In 1979, the trade unionist and communist Richard Scott founded Leeds Postcards, which he named after the city where he lived and worked. The first postcard, beautifully illustrated by Peter Smith, was sponsored by the occupational health and safety magazine, Hazards Bulletin and warned of the dangers posed by ‘visual display units’ – the name given to computer screens when they began to be used in the workplace. Forty years later, despite computers taking over our lives and social…

1 August 2018Review

Four Corners Books, 2018; 128pp; £10

In the summer of 1968, a young man named Sam Lord combined forces with Peter Dukes and Jean Lou Msika (a French Tunisian expelled from France because of his involvement in the May uprisings in Paris) to set up a low-cost/no-cost screenprint workshop in a damp basement on London’s Camden Road.

Over the next three years, the Poster Workshop printed thousands of revolutionary/protest posters from hundreds of designs. Peter Dukes kept a copy of every poster that was printed.

1 August 2018Review

OR Books, rev ed 2018; 388 pp; £10.99; ebook £7. Purchase online here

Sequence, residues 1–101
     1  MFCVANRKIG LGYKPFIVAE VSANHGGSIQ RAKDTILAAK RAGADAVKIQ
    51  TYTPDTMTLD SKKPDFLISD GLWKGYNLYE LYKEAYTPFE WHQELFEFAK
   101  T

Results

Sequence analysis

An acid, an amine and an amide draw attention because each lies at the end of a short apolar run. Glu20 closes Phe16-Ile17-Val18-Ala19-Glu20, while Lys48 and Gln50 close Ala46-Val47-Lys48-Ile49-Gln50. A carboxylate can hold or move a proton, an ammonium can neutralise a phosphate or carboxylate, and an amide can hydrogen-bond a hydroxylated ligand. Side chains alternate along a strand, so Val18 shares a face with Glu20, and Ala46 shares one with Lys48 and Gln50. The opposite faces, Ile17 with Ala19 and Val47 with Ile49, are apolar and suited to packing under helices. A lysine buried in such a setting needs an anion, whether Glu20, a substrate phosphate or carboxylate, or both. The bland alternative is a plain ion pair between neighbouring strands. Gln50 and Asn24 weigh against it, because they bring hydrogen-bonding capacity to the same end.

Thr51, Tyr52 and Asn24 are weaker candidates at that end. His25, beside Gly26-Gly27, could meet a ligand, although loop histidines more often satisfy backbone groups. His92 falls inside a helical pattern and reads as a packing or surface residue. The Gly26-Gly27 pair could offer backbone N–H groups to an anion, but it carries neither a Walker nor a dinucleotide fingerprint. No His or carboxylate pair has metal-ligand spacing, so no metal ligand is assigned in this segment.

Alex Nunn’s engaging style makes Corbyn’s journey from jam-making backbencher to leader of the opposition seem both exciting and totally rational.

Last year, The Candidate won the Bread and Roses award for radical publishing. That first edition traced Corbyn’s rise up to the attempted coup by right-wing Labour MPs in mid-2016.

This new edition includes a 100-page(!) chapter covering last June’s snap general election and the incredible surge of support for…

1 August 2018Review

Ditchling Museum of Art + Craft, Lodge Hill Lane, Ditchling, East Sussex BN6 8SP until 14 October (Tues – Sat: 10.30am–5pm; Sundays & bank holidays: 11am – 5pm; £6.50 / £5.50, under-16s free)


emergency use soft shoulder (1966). Photo: Josh White, courtesy Corite Art Centre, Immaculate Heart Community, Los Angeles

Ditchling Museum of Art and Craft may seem an unlikely place to host an exhibition of 1960s Warhol-inspired socially-engaged prints from California, but these brightly-coloured, life-affirming texts by Corita Kent make for an exciting dialogue with artworks by members of the Roman Catholic local artistic community in the permanent collection.

In 1921,…

1 April 2018Review

FeedARead.com, 2017; 372pp; £8.99

This book is a singular account of a community of action which didn’t just witness history, but was instrumental in changing it: Greenham Common Women’s Peace Camp. 25 years on, life experiences can be forgotten, so I am grateful to Howard and Moulin for collecting these reminiscences for posterity.

Like the film Pulp Fiction, this book begins at the end – with an action in 1993 where 16 women climbed into the grounds of Buckingham Palace to condemn nuclear testing in the…